ASIA PACIFIC
OUTLOOK

Troubled by tariffs

The Asia-Pacific region continues to deliver reasonable growth in late 2018, but faces a determined and targeted trade attack from the U.S. With China implementing a well-considered stimulus program in response, and with other major economies such as Japan and Australia still performing well, we are cautiously optimistic about the outlook through to 2019.

 

Exceeding diminished expectations

Asia-Pacific has been heavily hit by concerns around trade wars, a strengthening USD, and a set-back in commodity prices in recent months. The “emerging market” characterization of much of Asia has also seen the region tainted by association, in investors’ minds, with troubled developing economies elsewhere such as Argentina, Turkey and South Africa. The outlook remains fragile, particularly as U.S. President Trump has now threatened tariffs on $467 billion of Chinese goods – a remarkably precise number which amounts to all Chinese exports to the U.S. With further negative announcements now almost mathematically impossible, we believe most of the bad news is now in the market. As a result, we could see more investment opportunities within developing market equities in the region as the situation unfolds. Among developed countries, we prefer Japanese equities.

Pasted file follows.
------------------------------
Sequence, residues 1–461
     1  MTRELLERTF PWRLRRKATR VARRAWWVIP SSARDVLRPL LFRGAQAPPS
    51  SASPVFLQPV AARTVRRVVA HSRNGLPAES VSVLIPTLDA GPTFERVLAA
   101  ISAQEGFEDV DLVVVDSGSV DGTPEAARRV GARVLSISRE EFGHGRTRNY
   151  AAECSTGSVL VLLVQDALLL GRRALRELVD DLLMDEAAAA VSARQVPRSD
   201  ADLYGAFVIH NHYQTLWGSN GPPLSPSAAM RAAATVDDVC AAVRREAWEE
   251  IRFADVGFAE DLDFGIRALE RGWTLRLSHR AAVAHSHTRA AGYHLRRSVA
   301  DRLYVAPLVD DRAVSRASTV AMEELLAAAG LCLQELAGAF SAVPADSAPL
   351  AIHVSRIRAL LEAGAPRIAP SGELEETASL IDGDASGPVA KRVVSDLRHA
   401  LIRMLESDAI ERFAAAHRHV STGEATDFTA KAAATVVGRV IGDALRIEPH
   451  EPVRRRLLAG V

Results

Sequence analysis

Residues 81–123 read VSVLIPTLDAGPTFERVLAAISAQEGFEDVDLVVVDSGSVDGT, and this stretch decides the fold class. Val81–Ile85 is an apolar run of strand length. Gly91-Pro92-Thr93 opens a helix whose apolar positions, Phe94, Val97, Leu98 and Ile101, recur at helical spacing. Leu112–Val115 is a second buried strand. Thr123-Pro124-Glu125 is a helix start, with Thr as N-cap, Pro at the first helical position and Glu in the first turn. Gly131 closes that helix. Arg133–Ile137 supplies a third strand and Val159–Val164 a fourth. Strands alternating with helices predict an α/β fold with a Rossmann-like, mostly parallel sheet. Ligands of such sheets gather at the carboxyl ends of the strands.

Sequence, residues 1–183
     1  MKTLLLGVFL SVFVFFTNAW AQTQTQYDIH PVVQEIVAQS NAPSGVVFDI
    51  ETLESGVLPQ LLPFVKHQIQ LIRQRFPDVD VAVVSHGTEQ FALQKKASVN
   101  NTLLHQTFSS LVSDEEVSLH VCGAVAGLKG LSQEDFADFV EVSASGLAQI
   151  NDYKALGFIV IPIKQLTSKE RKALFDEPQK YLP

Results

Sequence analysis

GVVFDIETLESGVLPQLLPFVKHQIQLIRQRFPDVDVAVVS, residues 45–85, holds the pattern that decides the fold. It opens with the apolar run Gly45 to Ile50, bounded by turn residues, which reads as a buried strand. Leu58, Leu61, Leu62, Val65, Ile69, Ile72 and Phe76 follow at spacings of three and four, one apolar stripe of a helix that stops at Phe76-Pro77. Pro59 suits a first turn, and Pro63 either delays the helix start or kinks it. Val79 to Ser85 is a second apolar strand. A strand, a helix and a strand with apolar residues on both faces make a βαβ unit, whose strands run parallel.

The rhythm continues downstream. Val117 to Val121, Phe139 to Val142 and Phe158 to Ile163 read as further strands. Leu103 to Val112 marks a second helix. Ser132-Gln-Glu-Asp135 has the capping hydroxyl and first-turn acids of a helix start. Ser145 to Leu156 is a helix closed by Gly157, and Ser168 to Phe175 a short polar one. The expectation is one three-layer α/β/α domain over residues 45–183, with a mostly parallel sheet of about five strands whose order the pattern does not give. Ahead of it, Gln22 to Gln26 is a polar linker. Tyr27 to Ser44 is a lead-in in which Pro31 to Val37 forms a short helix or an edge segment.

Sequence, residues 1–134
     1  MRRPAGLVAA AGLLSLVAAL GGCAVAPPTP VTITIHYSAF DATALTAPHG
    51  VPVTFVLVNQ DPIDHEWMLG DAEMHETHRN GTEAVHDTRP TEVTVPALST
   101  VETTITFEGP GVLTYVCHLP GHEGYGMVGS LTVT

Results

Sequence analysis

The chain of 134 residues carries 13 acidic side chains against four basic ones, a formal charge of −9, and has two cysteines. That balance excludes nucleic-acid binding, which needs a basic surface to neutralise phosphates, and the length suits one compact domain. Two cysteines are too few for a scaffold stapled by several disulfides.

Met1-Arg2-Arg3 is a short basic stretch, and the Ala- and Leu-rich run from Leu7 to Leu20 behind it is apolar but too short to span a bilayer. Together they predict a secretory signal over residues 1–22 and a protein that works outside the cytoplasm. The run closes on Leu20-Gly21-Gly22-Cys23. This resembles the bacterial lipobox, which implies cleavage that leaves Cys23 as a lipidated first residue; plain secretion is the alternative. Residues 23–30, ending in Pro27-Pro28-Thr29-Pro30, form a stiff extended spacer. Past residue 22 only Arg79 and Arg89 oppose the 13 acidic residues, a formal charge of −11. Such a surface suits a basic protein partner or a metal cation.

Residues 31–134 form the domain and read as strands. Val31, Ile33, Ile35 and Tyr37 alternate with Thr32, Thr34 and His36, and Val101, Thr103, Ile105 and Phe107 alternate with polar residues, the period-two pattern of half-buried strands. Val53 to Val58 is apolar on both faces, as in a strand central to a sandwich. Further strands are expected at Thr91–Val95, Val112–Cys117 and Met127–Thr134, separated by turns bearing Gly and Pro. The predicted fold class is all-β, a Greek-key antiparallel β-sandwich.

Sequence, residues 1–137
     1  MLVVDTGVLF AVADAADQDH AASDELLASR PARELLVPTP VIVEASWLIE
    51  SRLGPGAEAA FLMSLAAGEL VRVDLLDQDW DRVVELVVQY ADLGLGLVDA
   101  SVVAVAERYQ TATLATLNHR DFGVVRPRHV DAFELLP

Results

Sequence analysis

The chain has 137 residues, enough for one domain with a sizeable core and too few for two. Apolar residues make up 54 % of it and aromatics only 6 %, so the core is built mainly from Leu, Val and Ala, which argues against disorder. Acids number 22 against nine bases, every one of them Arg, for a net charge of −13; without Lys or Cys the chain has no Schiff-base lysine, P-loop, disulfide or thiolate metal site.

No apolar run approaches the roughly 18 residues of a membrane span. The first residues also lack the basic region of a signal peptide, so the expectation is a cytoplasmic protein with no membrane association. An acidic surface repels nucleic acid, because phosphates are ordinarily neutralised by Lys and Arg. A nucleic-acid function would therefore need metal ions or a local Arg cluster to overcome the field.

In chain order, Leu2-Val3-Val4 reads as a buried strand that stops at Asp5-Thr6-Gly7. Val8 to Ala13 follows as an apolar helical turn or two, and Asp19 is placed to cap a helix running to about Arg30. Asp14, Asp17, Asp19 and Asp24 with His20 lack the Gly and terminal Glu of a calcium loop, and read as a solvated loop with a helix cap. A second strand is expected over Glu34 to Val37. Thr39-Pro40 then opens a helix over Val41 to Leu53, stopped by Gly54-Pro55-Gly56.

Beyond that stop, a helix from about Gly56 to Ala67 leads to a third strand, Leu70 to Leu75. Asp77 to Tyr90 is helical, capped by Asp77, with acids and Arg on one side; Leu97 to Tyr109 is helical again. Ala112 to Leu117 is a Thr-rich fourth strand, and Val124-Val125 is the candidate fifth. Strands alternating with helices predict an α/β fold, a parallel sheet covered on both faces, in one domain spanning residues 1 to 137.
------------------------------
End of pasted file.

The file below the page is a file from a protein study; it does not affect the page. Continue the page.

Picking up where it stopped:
The Chinese economy has shown signs of slowing through the first half of 2018, most notably in the money supply and in capital investment. This has been driven by a deleveraging push by authorities, as well as by some anticipatory concerns around the impacts of the trade wars. The Chinese government already has announced stimulus measures, including infrastructure bonds and monetary policy easing, which we expect will stabilize growth through the rest of 2018. Regarding the impact of U.S tariffs, a 10% general rate on the $200 billion announced so far should be largely offset by the year-to-date deprecation in the yuan. A higher rate and/or a broader range of goods (both of which have been flagged as potential actions by the Trump administration) are the key risk, should they fully eventuate.

Outside of China, developing Asian currencies have been sold off by the market, most notably Indonesia and India, due to their high current account deficits and national indebtedness. In our view, this sell-off has been driven more by sentiment and herd behavior than fundamentals, as both economies remain fairly solid. Weakness has been justifiably very mild, compared to sell-offs in the developing market currencies in Europe and Latin America.

Australian growth has been impressive so far in 2018, but we believe that this economy may have reached its peak. The headwind of falling housing prices continues to increase, and uncertainty around the strength of the Australian consumer remains. On the positive side, business confidence remains elevated. Recent political events (i.e. the deposing of the prime minister) are immaterial in our view (given the continuation of policy), however we are getting closer to the 2019 Australian federal election, which will likely inject some volatility into markets.